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Old 30-Sep-2010, 4:34 PM   #1
dflint
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Join Date: Sep 2010
Location: Central NJ
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Smile Central NJ antenna help

I have an OTA antenna on the roof now, but have noticed a lot of channels have been dropping out lately. It's a yagi style UHF VHF wingard (I believe) antenna.

I think I want something multidirectional so I can get signals for several sources, I was thinking about getting a Winegard MS-2002 Metrostar Outdoor Amplified HDTV Antenna. Anyone have any experience with these?

Thanks!

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Old 30-Sep-2010, 6:02 PM   #2
Tower Guy
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Quote:
Originally Posted by dflint View Post
I have an OTA antenna on the roof now, but have noticed a lot of channels have been dropping out lately. It's a yagi style UHF VHF wingard (I believe) antenna.

I think I want something multidirectional so I can get signals for several sources, I was thinking about getting a Winegard MS-2002 Metrostar Outdoor Amplified HDTV Antenna. Anyone have any experience with these?

Thanks!

Here's the link to my geography:

http://www.tvfool.com/?option=com_wr...a362292e99ef49
You're barking up the wrong tree.

A multi-directional antenna is more likely to have dropouts than an directional antenna.

Fix the yagi, and then get a rotor or a second antenna for the stations from other directions.
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Old 30-Sep-2010, 7:51 PM   #3
John Candle
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Tv Reception

Your location has hills , valleys , trees. An Omni directional does not reject mlltipath , as a matter of fact a Omni antenna receives multipath from All directions. Multipath is reflected Tv signals , this not what you are looking for. Your location calls for a Directional Antenna that REJECTS MULTIPATH. The All Band VHF/UHF antenna for your location is the Winegard HD7082P , and a antenna rotor. Or you can go with 2 antenna solution , 2 HD7082P's one pointed at channel 38 and one channel 43. And a radio shack remote control A/B coax switch at each tv location. Mount the antennas on 2 separate mounts , at least 6 feet apart. . Yes you can try the omni antenna and then return it if it does not work. Please note that a omni antenna is close but not totaly omni. The omni antenna may need to be turned to find a position that receives the best.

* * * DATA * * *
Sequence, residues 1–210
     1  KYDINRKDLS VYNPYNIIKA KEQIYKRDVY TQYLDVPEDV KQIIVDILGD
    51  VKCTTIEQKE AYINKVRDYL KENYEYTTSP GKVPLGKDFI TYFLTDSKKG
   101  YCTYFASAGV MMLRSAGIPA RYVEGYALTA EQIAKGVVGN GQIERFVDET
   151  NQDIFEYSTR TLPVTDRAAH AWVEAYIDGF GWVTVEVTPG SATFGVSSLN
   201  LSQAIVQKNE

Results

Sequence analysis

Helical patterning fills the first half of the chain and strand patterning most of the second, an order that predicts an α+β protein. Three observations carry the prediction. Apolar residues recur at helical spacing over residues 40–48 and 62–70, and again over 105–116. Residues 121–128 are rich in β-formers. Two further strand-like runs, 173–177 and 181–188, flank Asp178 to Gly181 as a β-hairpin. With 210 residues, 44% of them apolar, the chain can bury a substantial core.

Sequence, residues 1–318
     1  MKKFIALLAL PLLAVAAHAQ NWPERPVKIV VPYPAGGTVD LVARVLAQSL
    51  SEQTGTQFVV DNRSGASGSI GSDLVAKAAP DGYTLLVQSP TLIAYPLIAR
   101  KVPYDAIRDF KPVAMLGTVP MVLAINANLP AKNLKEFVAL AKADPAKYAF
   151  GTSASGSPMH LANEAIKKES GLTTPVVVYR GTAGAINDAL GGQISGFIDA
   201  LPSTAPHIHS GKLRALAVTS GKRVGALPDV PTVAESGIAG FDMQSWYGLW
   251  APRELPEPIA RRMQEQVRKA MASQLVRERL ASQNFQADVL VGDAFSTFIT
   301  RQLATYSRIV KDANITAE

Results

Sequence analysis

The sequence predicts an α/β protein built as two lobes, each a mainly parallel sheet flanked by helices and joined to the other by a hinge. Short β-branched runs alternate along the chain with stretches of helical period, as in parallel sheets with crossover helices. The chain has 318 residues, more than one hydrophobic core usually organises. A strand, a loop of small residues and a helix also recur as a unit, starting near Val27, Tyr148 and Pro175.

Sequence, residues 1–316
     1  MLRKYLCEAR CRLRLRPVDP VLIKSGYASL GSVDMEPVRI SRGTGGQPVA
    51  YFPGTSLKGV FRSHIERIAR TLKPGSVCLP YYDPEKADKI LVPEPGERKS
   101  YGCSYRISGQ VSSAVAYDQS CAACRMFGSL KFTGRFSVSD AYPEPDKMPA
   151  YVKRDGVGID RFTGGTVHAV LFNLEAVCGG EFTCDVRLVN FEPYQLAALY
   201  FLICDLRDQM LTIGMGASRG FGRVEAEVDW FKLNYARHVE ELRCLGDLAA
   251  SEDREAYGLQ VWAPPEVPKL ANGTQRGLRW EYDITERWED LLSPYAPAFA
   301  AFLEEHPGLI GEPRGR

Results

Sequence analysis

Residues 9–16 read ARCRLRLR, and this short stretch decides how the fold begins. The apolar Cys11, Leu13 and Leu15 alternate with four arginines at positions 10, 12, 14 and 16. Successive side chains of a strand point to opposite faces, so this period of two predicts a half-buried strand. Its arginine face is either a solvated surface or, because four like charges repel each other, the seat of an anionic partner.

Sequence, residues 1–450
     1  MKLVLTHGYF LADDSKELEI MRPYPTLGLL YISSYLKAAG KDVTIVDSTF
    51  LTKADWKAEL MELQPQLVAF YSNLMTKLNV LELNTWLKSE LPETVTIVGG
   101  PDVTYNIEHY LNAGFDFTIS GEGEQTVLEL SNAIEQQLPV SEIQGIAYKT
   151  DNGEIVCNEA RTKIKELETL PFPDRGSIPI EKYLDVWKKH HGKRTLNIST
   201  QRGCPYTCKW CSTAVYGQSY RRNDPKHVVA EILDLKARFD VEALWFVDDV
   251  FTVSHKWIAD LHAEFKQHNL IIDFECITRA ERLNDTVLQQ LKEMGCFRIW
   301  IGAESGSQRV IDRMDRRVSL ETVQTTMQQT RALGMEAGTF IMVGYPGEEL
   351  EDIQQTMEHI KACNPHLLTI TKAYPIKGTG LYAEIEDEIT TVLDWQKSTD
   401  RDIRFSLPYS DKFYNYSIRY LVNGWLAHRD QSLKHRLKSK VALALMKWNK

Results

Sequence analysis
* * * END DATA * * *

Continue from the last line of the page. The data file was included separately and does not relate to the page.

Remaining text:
Last edited by John Candle; 30-Sep-2010 at 8:53 PM.
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Old 1-Oct-2010, 3:14 PM   #4
dflint
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Location: Central NJ
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my location had trees (don't most?) but not too many hills or valleys. there is a tall house across the street. seems like I used to get better signals, and channels have been dropping out more lately.

thanks for the advise on the directional. I do have a rotor (but I think I broke it, crossed wires) which was a pain to use for the rest of the family and kept getting out of alignment. I also have another UHF yagi which I haven't figured out how to tie them together without crossing signals or buying a bunch of expensive band pass filters.

I may try a cheap multi antenna and return it if it doesn't work. I'm trying to simplify ease of use. I'll post on how it goes. thanks.
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Old 1-Oct-2010, 4:25 PM   #5
mtownsend
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The NYC stations are closer and stronger than the Philadelphia stations. If you can live with just the NYC stations, then you can do without the antenna rotator.

If you want both NYC and Philly stations (and perhaps a few other stations in other directions), then an antenna rotator is needed. An omni antenna won't work for the Philly stations because they are too weak (antenna directionality and antenna gain go hand-in-hand; omni antennas have pretty low intrinsic gain and cannot pick up weaker stations).



On the subject of combining antennas. If you have separate UHF and VHF antennas, the proper way to combine them is to use a diplexer like the Pico Macom UVSJ. These are inexpensive frequency selective combiners/splitters that will make sure that the UHF and VHF signals from each antenna do not interfere with each other.
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